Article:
The problem is that ExtUtils::MM_Unix's c_o function returns a number of rules to create object files by compiling .c, .cc, and other files, but they all place the resulting object in the top-level directory. I didn't want to redefine everything in c_o, so I tried to override the .cc build rule in MY::postamble. That worked, but caused make(1) to complain about the duplicated rule.

So I picked an unused extension and created a build rule for it:

sub MY::postamble {'
	$(CXX) $(OPTIMIZE) $(DEFINE) $(INC) -o "$@" -c "$<"

That worked perfectly. In my call to WriteMakefile(), I passed the names of the various "subdir/src/foo.oo" files in the OBJECT list. The objects were built by the rule, and EU::MM took care of linking them in. But I still wince a little when I see all the .oo files.

A simpler solution, adopted by Florian Ragwitz in Class::MOP, is to add "-o $@" to the build command in MY::const_cccmd().

Net::XMPP virtual hosting support


I use a Git post-receive hook that sends commit notifications to a Jabber server using the Net::XMPP Perl module.

For the first year or so of its operation, the hook would connect to the Jabber server (first jabberd 1.4, later Ejabberd) that I ran on, and send the commit message as, and all was well. Recently, we reorganised our servers. The git repository stayed in the same place, but we wanted it to connect to the Jabber server on and send notifications as

I run Ejabberd on too, and it was the work of a moment to add to its list of hostnames and create an account for But when I tried to make my hook connect to the new server, I discovered that Net::XMPP does not allow me to specify the name of the server independently of the hostname in the Jabber ID:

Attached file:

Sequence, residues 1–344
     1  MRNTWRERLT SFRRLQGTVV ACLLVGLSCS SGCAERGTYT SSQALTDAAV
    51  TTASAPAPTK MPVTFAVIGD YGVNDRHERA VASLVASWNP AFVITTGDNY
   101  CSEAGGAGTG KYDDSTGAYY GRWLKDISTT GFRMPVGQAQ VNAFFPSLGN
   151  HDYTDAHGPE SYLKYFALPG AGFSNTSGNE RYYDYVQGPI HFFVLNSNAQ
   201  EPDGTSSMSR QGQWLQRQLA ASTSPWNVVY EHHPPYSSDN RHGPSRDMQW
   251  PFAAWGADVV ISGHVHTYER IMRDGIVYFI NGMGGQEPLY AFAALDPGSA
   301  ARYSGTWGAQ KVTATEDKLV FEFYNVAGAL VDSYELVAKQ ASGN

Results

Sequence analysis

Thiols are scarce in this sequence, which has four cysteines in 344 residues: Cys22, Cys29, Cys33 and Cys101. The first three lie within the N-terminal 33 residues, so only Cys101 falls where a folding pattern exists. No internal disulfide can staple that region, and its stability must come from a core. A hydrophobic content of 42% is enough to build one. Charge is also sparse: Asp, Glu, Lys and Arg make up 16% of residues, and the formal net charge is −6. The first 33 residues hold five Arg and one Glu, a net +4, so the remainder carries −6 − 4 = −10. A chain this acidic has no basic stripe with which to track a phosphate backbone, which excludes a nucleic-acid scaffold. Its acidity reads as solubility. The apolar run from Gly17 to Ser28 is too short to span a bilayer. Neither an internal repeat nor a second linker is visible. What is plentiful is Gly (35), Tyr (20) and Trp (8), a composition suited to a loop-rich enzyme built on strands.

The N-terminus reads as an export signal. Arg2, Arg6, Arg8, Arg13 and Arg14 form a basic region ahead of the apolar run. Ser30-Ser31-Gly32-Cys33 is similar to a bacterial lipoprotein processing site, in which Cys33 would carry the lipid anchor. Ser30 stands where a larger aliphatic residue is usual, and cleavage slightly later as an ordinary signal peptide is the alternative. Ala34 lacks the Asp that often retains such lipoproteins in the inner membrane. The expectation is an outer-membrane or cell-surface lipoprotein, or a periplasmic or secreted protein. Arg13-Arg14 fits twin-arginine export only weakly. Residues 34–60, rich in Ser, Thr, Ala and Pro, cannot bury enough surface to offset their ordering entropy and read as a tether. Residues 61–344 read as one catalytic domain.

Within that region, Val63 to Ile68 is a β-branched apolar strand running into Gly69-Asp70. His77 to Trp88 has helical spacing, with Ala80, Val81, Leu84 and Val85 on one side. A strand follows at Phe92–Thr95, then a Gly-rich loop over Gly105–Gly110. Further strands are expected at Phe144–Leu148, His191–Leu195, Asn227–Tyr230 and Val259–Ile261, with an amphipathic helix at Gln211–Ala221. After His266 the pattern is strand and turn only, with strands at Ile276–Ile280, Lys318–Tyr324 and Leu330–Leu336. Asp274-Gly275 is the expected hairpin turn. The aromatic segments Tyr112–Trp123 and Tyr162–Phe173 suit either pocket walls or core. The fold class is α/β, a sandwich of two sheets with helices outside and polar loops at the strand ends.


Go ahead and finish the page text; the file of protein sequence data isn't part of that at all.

my $client = new Net::Jabber::Client ();
    hostname => '',
) or die "Can't connect: $!\n";

my @r = $client->AuthSend(
    username => 'git',
    password => '...',
    resource => 'aox.git'
die "Cannot authenticate (@r)\n" if $r[0] ne "ok";

This code would connect to and try to authenticate as Changing hostname to "" didn't work (even though we had SRV records pointing to the right server). Changing the username to "" didn't work either. I spent some time looking through the code and a tcpdump of the session to understand the problem. It turns out that an XMPP session begins with a <stream> element like this:

<stream:stream version='1.0'

What is needed is to connect to and send to='' in the stream, because Ejabberd rejects connections to a hostname not listed in its configuration.

Net::XMPP and XML::Stream (the underlying module) use the hostname passed to Connect() to decide where to connect and what to send in the <stream>. Furthermore, XML::Stream did support SRV lookups, but it would replace the hostname with the result of the lookup and use that name to compose the stream; and Net::XMPP had no way to enable the SRV lookups anyway.

I whipped up a patch to solve these problems. It adds "servername" and "srv" parameters to the Connect() method, which are passed down to XML::Stream. If the servername is specified, it is used to decide where to connect (and if not, the old behaviour remains unchanged). The srv parameter enables SRV lookups, and the results are used to set (only) the servername; but the hostname is used to compose the stream in every case. Thus the two are separated enough for my hook to work again.

I sent my patch to the module maintainers, but did not receive a reply. The patch is archived here. It applies to Net::XMPP 1.02 and XML::Stream 1.23, but may need minor tweaking to apply cleanly to other versions.

HTTP::Parser 0.04 bugfix


In writing Inspector34, I decided to use the HTTP::Parser module and the corresponding POE::Filter to parse HTTP requests and responses.

I discovered that HTTP::Parser stores the protocol version in an X-HTTP-Version pseudo-header field, which causes LWP to treat the resulting HTTP::Request object as an HTTP/0.9 request (as it is required to do, since no version is explicitly specified). That was certainly not what I wanted.

Since HTTP::Message provides a protocol() method, it seemed sensible to use that instead of X-HTTP-Version. I whipped up a simple patch to do this (and correct a few documentation errors to boot).

I sent this patch to the author, but received no response. It is preserved here for the record.